A Hollowed-Out Gourd Contains the Blood of Louis XVI. Or Does it?
While it’s not what I’d do, legend has it that when King Louis XVI was beheaded in 1793, onlookers in Paris rushed to the scene to dip their handkerchiefs in the dead king’s blood. Years later, one of these gruesome souvenirs made headlines when an Italian family sent it off for genetic testing to see if the relic was the real deal.
A hollowed-out gourd had been in the family for over a century inscribed with the following phrase: “On January 21, Maximilien Bourdaloue dipped his handkerchief in the blood of Louis XVI after his decapitation.” Decorated with etched portraits of heroes from the French Revolution, it appeared to have been stuffed with one of the blood-soaked handkerchiefs.
The decorated gourd said to contain a handkerchief dipped in the blood of King Louis XVI. (Davide Pettener / CC BY 3.0)
In 2009 the family hired Carles Lalueza-Fox, a world-renowned paleogenomicist known for decoding ancient DNA and author of Genes, Kings and Imposters, to try to figure out if the artifact was a fake. While it sounds pretty straightforward, it’s anything but. In fact, finding a DNA sample from the House of Bourbon with which to compare the supposedly-royal blood is no easy feat and resulting studies led to heated academic debate.
The mummified heart of Louis XVI’s son was out of the question, as scientists had been unable to extract the Y-chromosome, which passes from father to son. Lalueza-Fox therefore used a sample from a mummified head believed to belong to Henri IV. Embalmed when he died in 1610, his head went missing when his grave was ransacked during the revolution, only to resurface again in the 1900s during an auction.
The supposed blood of Louis XVI was compared with the dubious head of Henri IV, seen here with Joseph-Émile Bourdais who bought the relic in 1919. (Public domain)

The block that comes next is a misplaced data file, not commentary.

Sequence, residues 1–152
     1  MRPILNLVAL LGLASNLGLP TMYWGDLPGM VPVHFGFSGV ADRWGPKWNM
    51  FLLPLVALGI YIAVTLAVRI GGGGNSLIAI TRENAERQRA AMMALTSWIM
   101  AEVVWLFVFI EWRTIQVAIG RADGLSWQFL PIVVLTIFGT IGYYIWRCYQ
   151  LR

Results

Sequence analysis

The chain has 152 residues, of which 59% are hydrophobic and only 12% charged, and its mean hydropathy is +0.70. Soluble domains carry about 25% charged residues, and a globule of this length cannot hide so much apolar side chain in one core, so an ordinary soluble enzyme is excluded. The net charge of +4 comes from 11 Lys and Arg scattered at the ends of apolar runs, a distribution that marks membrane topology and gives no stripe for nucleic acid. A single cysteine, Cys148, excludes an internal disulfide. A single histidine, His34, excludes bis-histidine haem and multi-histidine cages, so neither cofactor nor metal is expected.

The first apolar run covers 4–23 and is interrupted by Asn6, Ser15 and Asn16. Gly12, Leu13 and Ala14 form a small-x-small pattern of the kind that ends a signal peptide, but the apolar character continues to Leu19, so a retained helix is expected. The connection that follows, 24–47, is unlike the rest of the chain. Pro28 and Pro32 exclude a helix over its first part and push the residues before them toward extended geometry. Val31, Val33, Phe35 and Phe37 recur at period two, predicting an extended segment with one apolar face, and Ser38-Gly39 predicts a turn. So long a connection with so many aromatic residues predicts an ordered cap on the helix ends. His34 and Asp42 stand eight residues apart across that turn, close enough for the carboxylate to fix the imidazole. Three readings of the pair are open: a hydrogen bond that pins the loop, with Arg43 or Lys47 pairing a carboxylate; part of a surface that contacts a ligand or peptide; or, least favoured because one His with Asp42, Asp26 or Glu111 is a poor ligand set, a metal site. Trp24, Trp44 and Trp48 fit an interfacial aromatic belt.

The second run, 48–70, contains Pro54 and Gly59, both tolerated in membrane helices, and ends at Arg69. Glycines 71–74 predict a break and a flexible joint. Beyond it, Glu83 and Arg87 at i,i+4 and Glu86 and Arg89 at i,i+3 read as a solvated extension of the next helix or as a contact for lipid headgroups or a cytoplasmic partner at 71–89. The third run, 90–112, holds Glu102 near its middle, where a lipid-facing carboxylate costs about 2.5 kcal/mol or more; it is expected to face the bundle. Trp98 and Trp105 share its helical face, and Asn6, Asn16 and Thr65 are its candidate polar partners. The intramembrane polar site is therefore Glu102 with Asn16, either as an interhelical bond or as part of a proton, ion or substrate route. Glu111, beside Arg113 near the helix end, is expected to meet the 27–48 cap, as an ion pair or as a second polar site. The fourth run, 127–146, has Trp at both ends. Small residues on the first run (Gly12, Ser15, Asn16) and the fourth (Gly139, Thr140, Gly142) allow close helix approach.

These two dubious remains became the subject of in-depth DNA testing. In a study published in Forensic Science International experts concluded that the two were related. The forensic pathologist Philippe Charlier went so far as to state that “one can say that there is absolutely no doubt anymore,” reported the Daily Mail.
Others remained unimpressed. A 2013 report added analysis of blood from three living descendants of Henri IV into the mix and claimed that the mummified head and blood did not belong to their respective monarchs. “For the blood, I’m 100 percent certain it is not original,” stated one geneticist in Archaeology. “For the head, the DNA that has been analyzed is not of Henry IV.”
Contemporary accounts described King Louis XVI as being exceptionally tall and blue-eyed, as depicted by Antoine-François Callet. (Public domain)
But that wasn’t the end of it. Scientists sequenced the full genome from the bloody handkerchief and concluded in Scientific Reports that it was “probably” a fake. Although contemporary accounts described Louis as an exceptionally tall, blue-eyed king of German and Polish ancestry, the blood sample came from a short person with brown eyes of French-Italian heritage. They also found that the gourd actually contained the DNA of at least three other people.
In the end, the gourd and its blood-soaked handkerchief were most likely the brainchild of an 18th century swindler. Alternatively, the lack of a match could have been caused by some unknown royal infidelity. Oh la la!
Top image: Detail of political cartoon depicting the Duc d'Orléans on the scaffold holding the severed head of Louis XVI up to the crowd. Source: Bodleian Library / CC BY-NC-SA 3.0
By Cecilia Bogaard